Top German actors' vodka binge takes drunken satire too far

By Potter · Jan 29, 2010 · ·
  1. Potter
    Cast fall off tables, chairs – and stage – during 'experimental' bender at Schauspielhaus in Frankfurt

    Actors are often warned never to work with children or animals. To that list, 80% proof Russian vodka should now be added.

    A performance at Frankfurt's prestigious Schauspielhaus theatre ended in chaos after four of Germany's top actors decided "as an experiment" to substitute vodka for water during a performance of a play described in the programme notes as a "crazy depiction of one of the most famous alcoholic benders in world literature".

    Moscow To the End of the Line, a 1970 novel by the late Russian author Venedikt Erofeev, is a satirical account of a cable fitter sacked after checking the amount of alcohol fellow workers consume. The action takes place in Soviet times as the worker takes a train across Russia to reach his lover in a remote village.

    In their stage adaptation of the story, the actors, Torben Kessler, Michael Abendroth, Marc Oliver Schulze and Oliver Kraushaar, decided the best way to embody their characters – the worker and his fellow passengers who spend the journey binge-drinking and never arrive at their destination – was to hit the bottle.

    Initially the audience was amused. But then alarm grew as they started falling off chairs and tables and inviting theatregoers to take swigs out of their bottles.

    "At first it was quite impressive, they seemed to be giving a good impersonation of tipsiness," one audience member told a German newspaper. "Then they started leaping around shouting 'nastrovia' (cheers in Russian) ... and then they handed round the drink." One of the actors could no longer stand up; another, literally, slipped up on his script.

    "People started clapping, thinking it belonged to the performance," the theatregoer said.

    When one of the actors fell off the stage on his chair and his co-actor fell from a table, the backstage crew intervened and called an ambulance.

    The uproar continued in the ambulance where Schulze, 36, allegedly became violent, forcing the medics to call for police backup. Schulze later had his stomach pumped at Frankfurt's university clinic.

    Called to account for the behaviour of his actors, director Oliver Reese said: "It was seen as a bit of an experiment, sort of along the lines of 'let's perform this wonderful text and have a bit of a drink at the same time' and it went a bit awry.

    "One of the actors in particular clearly drank too much vodka, on an empty stomach. That in combination with the adrenalin an actor already feels when he's on stage caused him to go off the rails. His self-control failed him."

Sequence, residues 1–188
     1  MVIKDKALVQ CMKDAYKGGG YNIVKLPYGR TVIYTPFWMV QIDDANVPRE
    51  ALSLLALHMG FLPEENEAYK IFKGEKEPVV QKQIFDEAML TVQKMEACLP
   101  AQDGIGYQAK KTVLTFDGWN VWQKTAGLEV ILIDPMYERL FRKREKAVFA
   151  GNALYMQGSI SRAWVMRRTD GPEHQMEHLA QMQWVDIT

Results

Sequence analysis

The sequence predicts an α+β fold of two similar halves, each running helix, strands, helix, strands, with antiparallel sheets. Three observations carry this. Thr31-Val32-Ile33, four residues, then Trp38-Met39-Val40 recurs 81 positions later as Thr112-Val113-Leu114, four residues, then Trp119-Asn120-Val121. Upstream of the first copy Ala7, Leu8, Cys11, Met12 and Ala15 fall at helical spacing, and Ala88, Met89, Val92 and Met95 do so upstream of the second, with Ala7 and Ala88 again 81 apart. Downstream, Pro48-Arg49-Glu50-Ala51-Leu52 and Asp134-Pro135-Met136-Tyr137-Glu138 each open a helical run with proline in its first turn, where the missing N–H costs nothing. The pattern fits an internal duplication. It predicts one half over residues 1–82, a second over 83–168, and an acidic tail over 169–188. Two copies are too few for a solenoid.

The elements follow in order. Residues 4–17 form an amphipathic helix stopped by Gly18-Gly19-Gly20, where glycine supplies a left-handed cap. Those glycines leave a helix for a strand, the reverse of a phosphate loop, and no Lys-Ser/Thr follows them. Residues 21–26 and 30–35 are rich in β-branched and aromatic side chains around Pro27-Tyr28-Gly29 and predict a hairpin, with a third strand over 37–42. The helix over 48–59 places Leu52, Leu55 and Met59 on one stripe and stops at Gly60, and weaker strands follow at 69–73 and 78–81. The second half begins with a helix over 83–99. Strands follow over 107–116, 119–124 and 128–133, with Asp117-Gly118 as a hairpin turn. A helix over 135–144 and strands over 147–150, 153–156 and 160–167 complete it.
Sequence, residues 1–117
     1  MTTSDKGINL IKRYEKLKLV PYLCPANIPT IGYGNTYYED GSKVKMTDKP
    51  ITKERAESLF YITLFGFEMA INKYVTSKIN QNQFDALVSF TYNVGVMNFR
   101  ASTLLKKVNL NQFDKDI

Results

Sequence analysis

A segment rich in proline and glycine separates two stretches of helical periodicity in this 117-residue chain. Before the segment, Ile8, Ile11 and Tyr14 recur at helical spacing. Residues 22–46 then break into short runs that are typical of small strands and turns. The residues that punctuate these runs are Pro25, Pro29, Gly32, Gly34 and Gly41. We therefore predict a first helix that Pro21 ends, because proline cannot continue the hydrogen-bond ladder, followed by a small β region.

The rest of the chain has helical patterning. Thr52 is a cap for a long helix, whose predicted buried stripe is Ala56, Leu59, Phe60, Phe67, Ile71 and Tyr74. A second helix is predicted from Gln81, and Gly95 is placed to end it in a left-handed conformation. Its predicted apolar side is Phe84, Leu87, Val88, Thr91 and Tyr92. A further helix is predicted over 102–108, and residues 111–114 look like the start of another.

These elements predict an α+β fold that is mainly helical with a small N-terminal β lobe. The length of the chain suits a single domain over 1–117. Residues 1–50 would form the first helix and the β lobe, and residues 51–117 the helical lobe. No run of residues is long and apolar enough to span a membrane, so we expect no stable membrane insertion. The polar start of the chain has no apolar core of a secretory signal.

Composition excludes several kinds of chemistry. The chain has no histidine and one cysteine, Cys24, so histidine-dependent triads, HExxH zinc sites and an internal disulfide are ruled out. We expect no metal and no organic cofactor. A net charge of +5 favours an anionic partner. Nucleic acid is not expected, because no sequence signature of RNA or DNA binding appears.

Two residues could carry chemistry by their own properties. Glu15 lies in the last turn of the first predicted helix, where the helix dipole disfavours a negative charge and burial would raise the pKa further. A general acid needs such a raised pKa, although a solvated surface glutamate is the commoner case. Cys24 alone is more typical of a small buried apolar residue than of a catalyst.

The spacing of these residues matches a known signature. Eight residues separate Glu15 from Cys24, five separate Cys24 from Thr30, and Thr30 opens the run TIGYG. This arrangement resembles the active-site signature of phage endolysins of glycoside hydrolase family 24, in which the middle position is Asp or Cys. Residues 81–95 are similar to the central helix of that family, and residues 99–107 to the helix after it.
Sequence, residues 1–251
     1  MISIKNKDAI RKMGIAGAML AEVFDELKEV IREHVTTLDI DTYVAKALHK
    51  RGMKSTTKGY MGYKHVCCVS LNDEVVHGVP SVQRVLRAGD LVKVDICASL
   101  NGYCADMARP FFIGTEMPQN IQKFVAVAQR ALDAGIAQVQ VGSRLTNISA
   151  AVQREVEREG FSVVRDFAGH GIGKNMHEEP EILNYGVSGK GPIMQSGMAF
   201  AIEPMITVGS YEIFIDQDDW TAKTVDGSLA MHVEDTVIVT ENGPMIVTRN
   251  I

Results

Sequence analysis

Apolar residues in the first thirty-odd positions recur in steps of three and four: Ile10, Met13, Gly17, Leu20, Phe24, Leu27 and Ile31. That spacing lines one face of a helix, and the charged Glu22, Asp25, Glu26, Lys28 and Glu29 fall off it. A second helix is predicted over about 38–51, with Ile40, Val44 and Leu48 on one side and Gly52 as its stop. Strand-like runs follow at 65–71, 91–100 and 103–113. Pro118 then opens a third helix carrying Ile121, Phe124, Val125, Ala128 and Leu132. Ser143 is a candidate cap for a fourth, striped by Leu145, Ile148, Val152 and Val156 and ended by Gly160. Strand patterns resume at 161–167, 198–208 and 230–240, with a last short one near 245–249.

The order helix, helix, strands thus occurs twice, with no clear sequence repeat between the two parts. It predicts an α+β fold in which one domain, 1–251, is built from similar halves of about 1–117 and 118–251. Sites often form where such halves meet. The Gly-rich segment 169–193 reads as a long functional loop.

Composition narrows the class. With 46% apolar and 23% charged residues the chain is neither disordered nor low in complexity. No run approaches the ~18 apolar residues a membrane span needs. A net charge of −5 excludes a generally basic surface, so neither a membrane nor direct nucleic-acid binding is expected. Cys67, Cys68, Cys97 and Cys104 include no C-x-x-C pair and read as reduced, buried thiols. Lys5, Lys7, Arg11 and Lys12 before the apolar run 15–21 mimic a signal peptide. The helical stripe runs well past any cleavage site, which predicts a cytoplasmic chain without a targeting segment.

Reese summoned the actors for a dressing down after the performance. "I told them I didn't want to see anything like that ever again. It was kindergarten behaviour."

    The actors had recovered well, he said.

    * Kate Connolly in Berlin
    *, Thursday 28 January 2010 18.03 GMT \

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  1. chinpokomaster
    Was it 80% or 80 proof? I'm confused.
  2. rawbeer
    Gary Sinise and John Malkovich used to perform a play at the Steppenwolf Theater in which they both got drunk on stage (can't recall the name of the play, I heard Gary Sinise tell the story in an interview once).
    Of course they were using beer, which is much less problematic. Apparently Malkovich had too much one night and urinated into the prop sink, during the performance, apparently obscured enough from the audience's view that only Sinise saw what was happening, and had trouble remaining in character.

    I would think that, if one were going to try something like this, one should rehearse with liquor also, to get a feel for it and to learn what sort of pace to drink at during the show.
    A very entertaining read though.
  3. Potter

    Let's assume that it was 80 proof as even hardened alcoholics would have issues before the end of the first act drinking 80%!
  4. chinpokomaster
    Agreed but that would make the story as amazing as it purports.

    I've seen rum and absinthe at 80% volume but that's about it.
  5. EscapeDummy

    Everclear is sold at an 75% and a 95%(!) concentrations, but it's quite hilarious that the reporter chose to use "80% proof" in the article. Swim cant think of anything that would make it more ambiguous:s
  6. chinpokomaster
    It just shows that they have either absolutely no idea about the topic they're reporting on, or they care some much about sensationalising that they're willing to abandon facts.
  7. Potter
    it might also be a simple editing error, perhaps by a teetotaler. And would YOU want to hae to report on such a ridiculous scene?
  8. chinpokomaster
    I feel I have, in a way.
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